Eating Before Bed: Is It Good or Bad to Eat Before Bed?

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Is it bad to eat before bed? Well, not necessarily. It depends on what you’re eating. If you’re eating a full meal with lots of sugar before bed, it’s not the best idea. But if you’re having a light snack, like a piece of fruit or some crackers, it’s probably not going to hurt you. 

Getting the best night’s sleep is tricky. There’s so much information out there, and it can be hard to know who to listen to. In this article, we’ll examine the research on eating before bed. We’ll give you some tips on what to do (and what to avoid) if you want to eat before you sleep. Continue reading if you’d like to learn:

  • How digestion works
  • Benefits of eating before bed
  • When to stop eating before bed
  • What to eat before bed

How Digestion Works

Before we answer the question, “is it bad to eat before bed,” we need to explain how digestion works. When you eat food, your body uses various enzymes and acids in your stomach and small intestines. These break down the food into its simplest forms: sugar, amino acids, and fats. 

The sugars get used for energy first and then stored as glycogen in your liver or muscles for energy later on. Likewise, the body uses amino acids and fats for repairing muscles or building new tissue and then becomes part of your body’s tissue structure.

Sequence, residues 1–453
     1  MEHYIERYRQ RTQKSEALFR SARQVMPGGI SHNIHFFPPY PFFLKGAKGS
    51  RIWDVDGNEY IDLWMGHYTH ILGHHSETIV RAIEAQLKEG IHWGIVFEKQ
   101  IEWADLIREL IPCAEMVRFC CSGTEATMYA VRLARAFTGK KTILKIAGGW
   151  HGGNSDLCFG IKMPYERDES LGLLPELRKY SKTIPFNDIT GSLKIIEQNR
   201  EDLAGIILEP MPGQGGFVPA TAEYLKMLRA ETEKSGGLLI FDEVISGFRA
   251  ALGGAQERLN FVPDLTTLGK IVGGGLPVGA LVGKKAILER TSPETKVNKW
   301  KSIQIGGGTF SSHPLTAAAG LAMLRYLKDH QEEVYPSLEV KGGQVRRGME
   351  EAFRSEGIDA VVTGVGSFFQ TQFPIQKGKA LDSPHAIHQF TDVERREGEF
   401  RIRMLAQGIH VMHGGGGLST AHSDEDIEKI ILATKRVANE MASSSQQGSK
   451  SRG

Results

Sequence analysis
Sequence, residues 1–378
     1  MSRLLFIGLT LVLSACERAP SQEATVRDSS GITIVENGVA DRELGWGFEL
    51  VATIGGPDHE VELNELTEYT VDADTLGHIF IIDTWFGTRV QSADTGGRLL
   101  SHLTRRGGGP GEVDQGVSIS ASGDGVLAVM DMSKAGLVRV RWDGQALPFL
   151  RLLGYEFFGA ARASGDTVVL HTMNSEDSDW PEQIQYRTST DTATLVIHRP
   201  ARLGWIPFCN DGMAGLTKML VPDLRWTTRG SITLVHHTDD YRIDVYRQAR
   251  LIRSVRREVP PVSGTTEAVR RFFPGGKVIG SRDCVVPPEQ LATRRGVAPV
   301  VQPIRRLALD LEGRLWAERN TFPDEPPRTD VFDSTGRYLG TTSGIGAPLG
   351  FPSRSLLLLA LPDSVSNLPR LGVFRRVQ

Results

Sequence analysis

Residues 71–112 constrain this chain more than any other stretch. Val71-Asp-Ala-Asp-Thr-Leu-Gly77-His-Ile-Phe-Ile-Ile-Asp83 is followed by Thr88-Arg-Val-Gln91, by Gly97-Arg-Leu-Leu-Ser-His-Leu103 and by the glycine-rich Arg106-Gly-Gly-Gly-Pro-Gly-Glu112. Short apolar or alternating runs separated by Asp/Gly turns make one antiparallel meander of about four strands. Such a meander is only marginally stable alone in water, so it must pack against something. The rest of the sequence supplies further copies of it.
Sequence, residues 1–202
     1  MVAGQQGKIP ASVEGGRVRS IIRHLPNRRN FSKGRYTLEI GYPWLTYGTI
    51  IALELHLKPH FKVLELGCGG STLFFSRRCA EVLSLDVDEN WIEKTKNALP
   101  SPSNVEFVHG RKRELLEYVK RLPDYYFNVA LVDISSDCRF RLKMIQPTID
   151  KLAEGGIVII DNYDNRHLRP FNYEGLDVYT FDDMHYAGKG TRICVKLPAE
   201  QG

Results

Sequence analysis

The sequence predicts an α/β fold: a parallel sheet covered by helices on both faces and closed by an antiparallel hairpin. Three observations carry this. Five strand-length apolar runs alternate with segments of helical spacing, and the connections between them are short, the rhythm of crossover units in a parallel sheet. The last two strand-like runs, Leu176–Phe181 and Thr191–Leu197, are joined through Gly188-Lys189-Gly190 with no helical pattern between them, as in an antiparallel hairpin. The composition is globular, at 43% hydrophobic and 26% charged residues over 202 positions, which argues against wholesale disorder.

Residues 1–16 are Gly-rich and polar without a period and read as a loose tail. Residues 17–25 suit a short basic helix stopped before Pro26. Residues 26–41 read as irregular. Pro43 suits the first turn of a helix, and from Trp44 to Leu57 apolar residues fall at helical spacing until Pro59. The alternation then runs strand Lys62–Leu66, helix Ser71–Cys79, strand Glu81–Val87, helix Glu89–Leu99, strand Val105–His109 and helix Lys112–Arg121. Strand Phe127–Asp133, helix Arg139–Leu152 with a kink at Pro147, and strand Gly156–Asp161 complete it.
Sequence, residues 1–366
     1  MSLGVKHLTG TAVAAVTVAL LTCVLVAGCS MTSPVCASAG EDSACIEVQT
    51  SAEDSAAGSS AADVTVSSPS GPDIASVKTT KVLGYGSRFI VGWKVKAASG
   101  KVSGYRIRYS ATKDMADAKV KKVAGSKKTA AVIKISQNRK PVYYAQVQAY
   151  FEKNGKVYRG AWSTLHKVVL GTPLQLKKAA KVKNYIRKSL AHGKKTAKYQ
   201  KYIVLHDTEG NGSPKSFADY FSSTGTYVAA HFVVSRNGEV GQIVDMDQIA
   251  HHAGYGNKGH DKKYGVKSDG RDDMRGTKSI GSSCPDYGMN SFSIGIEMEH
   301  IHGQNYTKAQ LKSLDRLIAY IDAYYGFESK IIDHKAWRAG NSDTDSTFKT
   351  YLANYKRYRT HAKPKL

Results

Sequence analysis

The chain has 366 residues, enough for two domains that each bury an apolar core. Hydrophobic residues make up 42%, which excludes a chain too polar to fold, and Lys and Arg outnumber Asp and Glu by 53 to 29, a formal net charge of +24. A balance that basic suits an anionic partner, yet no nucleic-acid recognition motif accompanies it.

Why Is It Bad to Eat Before Bed?

Now that we know how digestion works, let’s answer the question: “is it bad to eat before bed?”

If you’ve ever been told not to eat before bed, you might be wondering why. After all, you’re just going to sleep, so what does it matter? As it turns out, there are a few good reasons to avoid late-night snacking.


Eating before bed can cause indigestion. There are a few reasons why this happens.

First, lying down immediately after eating can cause food to travel back up the esophagus, leading to heartburn.

Second, eating before bed can trigger the production of stomach acid, causing indigestion.

And finally, eating before bed can mean that food stays in the stomach for a more extended time leading to indigestion.

All these factors can lead to discomfort and disturbed sleep.

Increased Risk of Heart disease

There is some evidence to suggest that eating late at night can increase the risk of heart disease. For example, one study found that people who ate within two hours of going to bed were more likely to have heart disease than those who didn’t.

It is not entirely clear why late-night eating might increase heart disease risk, but it may be because it disrupts sleep, a known risk factor for heart disease.

Weight Gain

Eating late at night can also lead to weight gain and obesity. This is because your body’s metabolism slows down at night, so it doesn’t burn off the calories as quickly. 

Furthermore, people who eat late at night have higher levels of the “hunger hormone” ghrelin. Ghrelin tells your body to store fat and increases your appetite.